Technology – from broad improvements like GPS to the autonomous cars still on the horizon – is swallowing many of the advances our engineers and planners have made since the invention of the Model T.
It’s scary, and perhaps a little disheartening, for cities and their transportation agencies. But it also presents a do-or-die opportunity for them to adapt, strive to catch up, and excel.
It’s a chance like never before to reshape all the bad mistakes that have led to the poor state of America’s current transportation network and the subsequent bad transportation habits forced upon our citizens.
Mobility Lab interviewed Tyler Duvall, a principal at McKinsey & Company, for the below video. He said:
“I think the smartphone, people’s willingness to participate in things like Waze and a lot of these other technologies, these are providing information and data sets that five years ago governments would have dreamed to be able to get access to.”
Relationships between cities and Uber and Lyft have often been cantankerous. A major reason for that can be at least partly credited to city leaders’ lack of preparedness, as researchers at the National League of Cities recently found:
“Only 3 percent of transit plans are even taking into account the impact of ride-hailing companies like Uber and Lyft even though they already operate in 60 of the 68 largest markets in the U.S. That’s according to a content analysis of transportation planning documents from the country’s 50 most populous cities.”
That should be quite sobering.
Another one of the biggest motivators for engineers and planners to catch up should be the onset of autonomous vehicles. If we thought the animosity caused by Uber’s introduction into cities was bad, what happens as driverless cars begin to mix into our 20th century infrastructure and policies? Now is the time to at least catch up to the trends, needs, and demands of today’s traveler.
The good news: the U.S. Department of Transportation has recently lit a fire for cities to get more competitive at transportation design. Nearly 80 cities applied to win a total of $50 million in the agency’s Smart City Challenge.
The other good news: Once the winners and losers begin to filter out of the Uber-type conflicts, new transportation companies that cities have struggled to plan for in the past could have more incentive to open their data – which they have thus far wanted to hide from competitors – in exchange for more formal agreements with cities for curb, street, and transit-hub access.
Planners and leaders need to examine today which companies, systems, and technologies fit best within their particular geographies and a whole new round of plans, policies, partners, and more will need to be developed aggressively and nimbly.
Older approaches centered on building our way out of problems have been yielding decreasing, and often harmful, returns. Duvall said:
“I think the ‘Bridge to Nowhere’ debacle at the federal level was a real pivot moment where people finally said, ‘Maybe this isn’t the right way to make these decisions. Maybe investing several hundred million dollars in a bridge that carried 50 to 75 people was not the right way to allocate scarce resources. Maybe there are better ways. Maybe data and facts should guide that.’ That is a big departure from where we were for many, many years, when it was largely an engineering decision, people were drawing maps, and it was unrelated to demand or to planning or economics or technology.”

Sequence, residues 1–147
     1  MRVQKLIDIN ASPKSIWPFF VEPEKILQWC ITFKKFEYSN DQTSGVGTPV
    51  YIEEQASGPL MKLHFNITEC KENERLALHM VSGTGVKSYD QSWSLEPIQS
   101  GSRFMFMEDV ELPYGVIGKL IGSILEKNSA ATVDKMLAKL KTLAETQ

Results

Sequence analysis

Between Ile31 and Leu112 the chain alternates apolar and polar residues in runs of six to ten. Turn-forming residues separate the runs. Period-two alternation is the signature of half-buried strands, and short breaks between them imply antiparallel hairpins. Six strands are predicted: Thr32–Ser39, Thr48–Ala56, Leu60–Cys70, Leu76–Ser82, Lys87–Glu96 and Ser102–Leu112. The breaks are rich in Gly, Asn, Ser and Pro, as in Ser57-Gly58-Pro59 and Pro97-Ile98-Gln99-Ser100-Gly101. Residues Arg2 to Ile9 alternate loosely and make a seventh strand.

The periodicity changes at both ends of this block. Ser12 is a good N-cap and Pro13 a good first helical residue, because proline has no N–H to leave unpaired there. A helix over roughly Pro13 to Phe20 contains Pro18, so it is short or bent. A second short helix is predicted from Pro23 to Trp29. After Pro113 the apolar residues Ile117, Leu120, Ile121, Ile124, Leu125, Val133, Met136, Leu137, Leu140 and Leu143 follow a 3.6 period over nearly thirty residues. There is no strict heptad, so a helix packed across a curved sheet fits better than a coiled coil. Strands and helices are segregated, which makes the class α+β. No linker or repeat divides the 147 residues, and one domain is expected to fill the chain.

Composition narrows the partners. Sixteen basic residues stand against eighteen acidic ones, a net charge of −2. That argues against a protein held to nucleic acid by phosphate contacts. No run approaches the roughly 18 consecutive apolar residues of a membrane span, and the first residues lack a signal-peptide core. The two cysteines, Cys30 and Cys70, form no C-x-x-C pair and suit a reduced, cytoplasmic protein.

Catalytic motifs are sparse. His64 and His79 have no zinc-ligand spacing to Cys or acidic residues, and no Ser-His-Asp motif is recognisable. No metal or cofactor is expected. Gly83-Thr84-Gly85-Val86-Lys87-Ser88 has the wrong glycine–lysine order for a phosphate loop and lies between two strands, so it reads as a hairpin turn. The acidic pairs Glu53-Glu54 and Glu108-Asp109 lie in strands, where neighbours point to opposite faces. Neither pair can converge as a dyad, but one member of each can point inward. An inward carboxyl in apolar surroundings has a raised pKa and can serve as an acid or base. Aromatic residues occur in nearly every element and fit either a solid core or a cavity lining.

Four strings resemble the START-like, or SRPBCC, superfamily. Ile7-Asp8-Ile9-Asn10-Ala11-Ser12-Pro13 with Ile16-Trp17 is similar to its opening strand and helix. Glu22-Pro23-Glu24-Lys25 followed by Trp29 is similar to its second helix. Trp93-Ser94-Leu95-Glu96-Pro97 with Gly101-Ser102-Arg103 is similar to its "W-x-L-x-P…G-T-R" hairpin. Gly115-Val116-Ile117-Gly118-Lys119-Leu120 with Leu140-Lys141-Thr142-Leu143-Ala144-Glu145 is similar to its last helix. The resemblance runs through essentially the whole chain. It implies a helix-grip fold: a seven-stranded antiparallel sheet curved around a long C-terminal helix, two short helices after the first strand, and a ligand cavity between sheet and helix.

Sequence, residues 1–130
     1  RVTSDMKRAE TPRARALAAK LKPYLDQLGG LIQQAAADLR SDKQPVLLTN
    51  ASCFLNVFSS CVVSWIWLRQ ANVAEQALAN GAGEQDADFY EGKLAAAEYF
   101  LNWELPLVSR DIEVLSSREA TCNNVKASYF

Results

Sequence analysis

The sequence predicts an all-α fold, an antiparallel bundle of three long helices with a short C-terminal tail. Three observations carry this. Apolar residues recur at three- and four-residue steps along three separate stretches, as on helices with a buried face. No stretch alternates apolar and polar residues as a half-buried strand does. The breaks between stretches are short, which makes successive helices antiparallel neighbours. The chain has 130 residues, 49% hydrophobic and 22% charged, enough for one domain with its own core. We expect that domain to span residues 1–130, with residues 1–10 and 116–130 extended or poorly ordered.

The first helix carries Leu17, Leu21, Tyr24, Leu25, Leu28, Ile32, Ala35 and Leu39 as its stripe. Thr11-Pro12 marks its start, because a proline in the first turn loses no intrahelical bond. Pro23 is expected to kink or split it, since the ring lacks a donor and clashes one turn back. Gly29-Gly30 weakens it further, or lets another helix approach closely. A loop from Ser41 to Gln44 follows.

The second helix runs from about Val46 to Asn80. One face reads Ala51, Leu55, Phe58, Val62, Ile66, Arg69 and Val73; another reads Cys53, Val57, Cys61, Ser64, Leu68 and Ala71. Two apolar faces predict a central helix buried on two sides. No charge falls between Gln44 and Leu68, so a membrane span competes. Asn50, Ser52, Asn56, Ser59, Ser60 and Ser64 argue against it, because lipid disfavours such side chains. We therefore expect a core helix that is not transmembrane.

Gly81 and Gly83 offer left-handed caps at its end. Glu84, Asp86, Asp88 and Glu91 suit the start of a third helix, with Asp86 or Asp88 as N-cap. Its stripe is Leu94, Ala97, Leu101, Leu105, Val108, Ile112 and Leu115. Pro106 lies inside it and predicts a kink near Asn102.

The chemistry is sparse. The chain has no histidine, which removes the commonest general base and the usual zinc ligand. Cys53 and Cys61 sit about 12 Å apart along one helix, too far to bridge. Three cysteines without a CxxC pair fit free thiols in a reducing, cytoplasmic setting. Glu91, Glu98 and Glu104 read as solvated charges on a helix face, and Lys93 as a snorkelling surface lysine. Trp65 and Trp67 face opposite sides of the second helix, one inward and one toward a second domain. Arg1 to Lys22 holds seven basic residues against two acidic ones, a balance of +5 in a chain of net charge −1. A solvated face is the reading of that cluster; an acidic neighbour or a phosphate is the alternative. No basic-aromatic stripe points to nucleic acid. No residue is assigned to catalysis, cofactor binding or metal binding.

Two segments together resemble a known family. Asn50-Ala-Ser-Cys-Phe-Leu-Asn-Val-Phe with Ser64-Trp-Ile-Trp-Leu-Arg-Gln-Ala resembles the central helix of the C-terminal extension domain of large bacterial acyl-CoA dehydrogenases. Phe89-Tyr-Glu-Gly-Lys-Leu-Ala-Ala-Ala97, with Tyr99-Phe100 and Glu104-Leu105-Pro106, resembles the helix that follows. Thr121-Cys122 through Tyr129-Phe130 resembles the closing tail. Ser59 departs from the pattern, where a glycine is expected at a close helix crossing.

So how can all this data – all these facts we now have easy access to – help us make better planning decisions?
- Get up to speed on apps. Use them. Partner with them. If you’re not incorporating fascinating new applications like RideFlag’s “carpool on demand” and Waze Rider into your workplans, then you’re not meeting people in the palms of their hands.
- Take all that data and turn it into stories. All the big data in the world means absolutely nothing if it’s not translated into information people can use. Service updates are a minimum, but getting the public engaged, excited, and promoting your brand should be the standard. Tell transportation stories at your websites.
- Begin to consider the head-spinning influx of battery-powered last-mile solutions. In a recent Wall Street Journal article, Rob Cotter of Organic Transit in Durham, N.C., was quoted: “People talk about demand for batteries for electric cars, but about 60 percent of all battery production in China goes into e-bikes.” China is out ahead of this trend and ready for when demand spikes for last-mile solutions.
- Government pilot projects that can often be done without a lot of money or approval, such as Santa Clara’s VTA Flex Pilot that offers microtransit public transportation to shuttle people between busy areas. This relatively inexpensive ($1.1 million) pilot will help bring in new riders from underserved areas, help unjam traffic, and offer a public model of flexible transit ridership that the private sector has been perfecting over time.
- Information advances like TransitScreen, which is bringing real-time information to 40 cities by year’s end, and Sidewalk Lab’s “Flow” project, designed as kiosks for people without smartphones but also for governments to better understand the flows of the public’s travel behavior.
All of these exciting opportunities with data and technology won’t mean anything if cities don’t display bold leadership. Movers and shakers who want to get something done have no shortage of options.
This article is based on a presentation made to the 2016 Virginia Transit Association’s annual conference in Fredericksburg, Va.
Photo: A Metro rider checks the system map on a phone (Sam Kittner for Mobility Lab, www.kittner.com).